Wondering why your string of bananas is dying? Let’s try to diagnose the problem and save your plant before it is too late!
Wooo-wee I hope you are ready for some *triggering* photos of a dead and dying string of bananas plant.
This plant was in the top tier of a tiered hanging planter and I am so sorry to say that I didn’t even realize how bad it was looking until it got to this point.
Let’s talk about why my string of bananas was dying and what I did about it!
Why is my string of bananas dying?
There are a few things that can kill a string of bananas plant including:
- too much direct sun
- not enough sunlight
- not enough water
- too much water
Brown and dry looking plants
If your plant is looking brown and crispy (like mine, hello) it is due to too much sunlight, not enough water, or a combination of the two.
This plant got tucked up high in a sunnier than I realized location and kind of ignored for the winter.
Mushy looking plant
If your string of bananas is looking black or mushy, it likely has root rot and was over watered.
They only need to be watered when the top 2 inches of soil feel dry, every 1-2 weeks.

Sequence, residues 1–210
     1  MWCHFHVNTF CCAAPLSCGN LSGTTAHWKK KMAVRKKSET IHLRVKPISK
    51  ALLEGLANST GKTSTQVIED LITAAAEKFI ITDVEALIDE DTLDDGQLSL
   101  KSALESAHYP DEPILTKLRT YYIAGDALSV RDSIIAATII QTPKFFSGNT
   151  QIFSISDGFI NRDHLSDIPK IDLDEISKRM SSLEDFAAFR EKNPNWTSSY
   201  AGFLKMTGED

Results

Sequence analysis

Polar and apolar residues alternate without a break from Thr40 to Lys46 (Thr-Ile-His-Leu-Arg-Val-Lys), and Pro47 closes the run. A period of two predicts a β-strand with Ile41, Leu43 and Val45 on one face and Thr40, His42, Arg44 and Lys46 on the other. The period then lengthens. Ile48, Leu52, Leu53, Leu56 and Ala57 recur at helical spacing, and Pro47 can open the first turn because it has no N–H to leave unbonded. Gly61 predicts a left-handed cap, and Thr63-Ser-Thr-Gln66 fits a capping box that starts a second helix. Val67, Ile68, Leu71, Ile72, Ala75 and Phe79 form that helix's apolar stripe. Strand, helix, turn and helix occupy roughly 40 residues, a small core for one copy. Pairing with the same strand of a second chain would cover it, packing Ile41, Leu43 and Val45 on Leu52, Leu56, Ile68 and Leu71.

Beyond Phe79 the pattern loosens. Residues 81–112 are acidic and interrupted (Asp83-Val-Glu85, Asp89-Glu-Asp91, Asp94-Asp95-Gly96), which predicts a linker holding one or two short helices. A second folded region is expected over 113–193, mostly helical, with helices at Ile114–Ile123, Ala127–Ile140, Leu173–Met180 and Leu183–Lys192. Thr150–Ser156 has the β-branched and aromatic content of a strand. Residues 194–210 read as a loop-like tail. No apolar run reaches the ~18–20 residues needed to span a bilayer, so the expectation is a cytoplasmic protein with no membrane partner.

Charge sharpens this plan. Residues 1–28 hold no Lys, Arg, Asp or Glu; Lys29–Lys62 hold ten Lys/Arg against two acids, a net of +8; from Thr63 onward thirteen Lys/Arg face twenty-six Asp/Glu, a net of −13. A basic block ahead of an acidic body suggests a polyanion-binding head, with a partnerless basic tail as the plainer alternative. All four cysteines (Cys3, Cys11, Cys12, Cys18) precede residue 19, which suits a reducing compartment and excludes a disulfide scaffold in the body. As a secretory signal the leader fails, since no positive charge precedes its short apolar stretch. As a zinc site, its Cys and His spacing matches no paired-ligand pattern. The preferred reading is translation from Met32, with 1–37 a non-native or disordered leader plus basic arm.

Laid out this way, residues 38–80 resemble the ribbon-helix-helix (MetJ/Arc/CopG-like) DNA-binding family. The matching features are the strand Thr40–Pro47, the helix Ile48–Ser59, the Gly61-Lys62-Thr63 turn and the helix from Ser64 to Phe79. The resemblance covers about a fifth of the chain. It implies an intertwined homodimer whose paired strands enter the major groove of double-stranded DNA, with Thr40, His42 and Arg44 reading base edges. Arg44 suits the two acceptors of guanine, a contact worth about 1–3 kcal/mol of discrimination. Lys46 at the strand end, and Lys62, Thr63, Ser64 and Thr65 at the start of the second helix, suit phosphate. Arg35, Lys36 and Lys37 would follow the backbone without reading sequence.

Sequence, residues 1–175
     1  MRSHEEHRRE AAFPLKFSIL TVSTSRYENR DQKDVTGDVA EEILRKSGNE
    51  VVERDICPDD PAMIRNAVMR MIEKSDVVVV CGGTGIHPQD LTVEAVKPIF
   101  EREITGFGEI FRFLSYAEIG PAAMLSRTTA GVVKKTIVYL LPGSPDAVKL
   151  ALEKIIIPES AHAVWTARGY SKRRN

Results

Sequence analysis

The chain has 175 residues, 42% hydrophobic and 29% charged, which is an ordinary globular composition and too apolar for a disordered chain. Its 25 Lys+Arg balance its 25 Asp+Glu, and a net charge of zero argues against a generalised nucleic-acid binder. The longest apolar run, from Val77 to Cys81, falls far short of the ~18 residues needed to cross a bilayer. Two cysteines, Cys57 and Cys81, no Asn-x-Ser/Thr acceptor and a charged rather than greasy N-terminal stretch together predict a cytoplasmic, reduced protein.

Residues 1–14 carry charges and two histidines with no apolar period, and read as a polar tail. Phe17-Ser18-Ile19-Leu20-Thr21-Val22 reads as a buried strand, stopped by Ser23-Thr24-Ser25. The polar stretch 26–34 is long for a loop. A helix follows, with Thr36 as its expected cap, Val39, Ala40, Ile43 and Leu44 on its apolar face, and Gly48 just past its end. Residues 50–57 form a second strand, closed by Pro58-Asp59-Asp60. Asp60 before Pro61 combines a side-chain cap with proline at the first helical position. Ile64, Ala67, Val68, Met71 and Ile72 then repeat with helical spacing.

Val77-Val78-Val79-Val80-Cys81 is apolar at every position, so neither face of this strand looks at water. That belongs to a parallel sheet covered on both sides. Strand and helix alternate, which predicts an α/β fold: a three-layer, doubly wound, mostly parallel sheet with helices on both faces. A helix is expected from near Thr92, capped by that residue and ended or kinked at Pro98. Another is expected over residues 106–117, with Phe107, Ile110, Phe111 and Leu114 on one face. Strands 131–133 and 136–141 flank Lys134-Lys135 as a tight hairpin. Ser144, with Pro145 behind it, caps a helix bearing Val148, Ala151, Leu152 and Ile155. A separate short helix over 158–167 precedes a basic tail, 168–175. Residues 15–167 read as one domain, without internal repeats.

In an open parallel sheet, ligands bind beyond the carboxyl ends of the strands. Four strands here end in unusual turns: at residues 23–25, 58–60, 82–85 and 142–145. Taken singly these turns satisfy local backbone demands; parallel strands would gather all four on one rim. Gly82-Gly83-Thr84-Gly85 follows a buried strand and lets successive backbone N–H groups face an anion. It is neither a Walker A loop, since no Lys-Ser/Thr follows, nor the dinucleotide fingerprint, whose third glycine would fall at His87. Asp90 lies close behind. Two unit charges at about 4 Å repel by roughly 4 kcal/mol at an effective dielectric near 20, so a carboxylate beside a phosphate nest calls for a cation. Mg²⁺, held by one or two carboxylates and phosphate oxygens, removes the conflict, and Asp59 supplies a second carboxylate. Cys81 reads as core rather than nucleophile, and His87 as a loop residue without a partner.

Make sure your pot has drainage holes to avoid pooling water.
Let it dry out and it should bounce back.
This is a sign of needing more water. They store water in their leaves, so shriveled means they need more water!
Not growing/looking sparse
These plants need at least 6 hours of bright sun a day. If they aren’t getting enough sun, they won’t grow or will look sad and patchy.
How to revive a dying string of bananas plant
If your plant is just a bit shriveled, watering it should perk it up.
If you suspect it’s getting to much sun, move it to a new location.
My plant was obviously very far gone.
I decided to cut off all of the remaining green growth, cut it into 3-4 inch long pieces, and put them in water to root.
I’ll be back with an update once they do!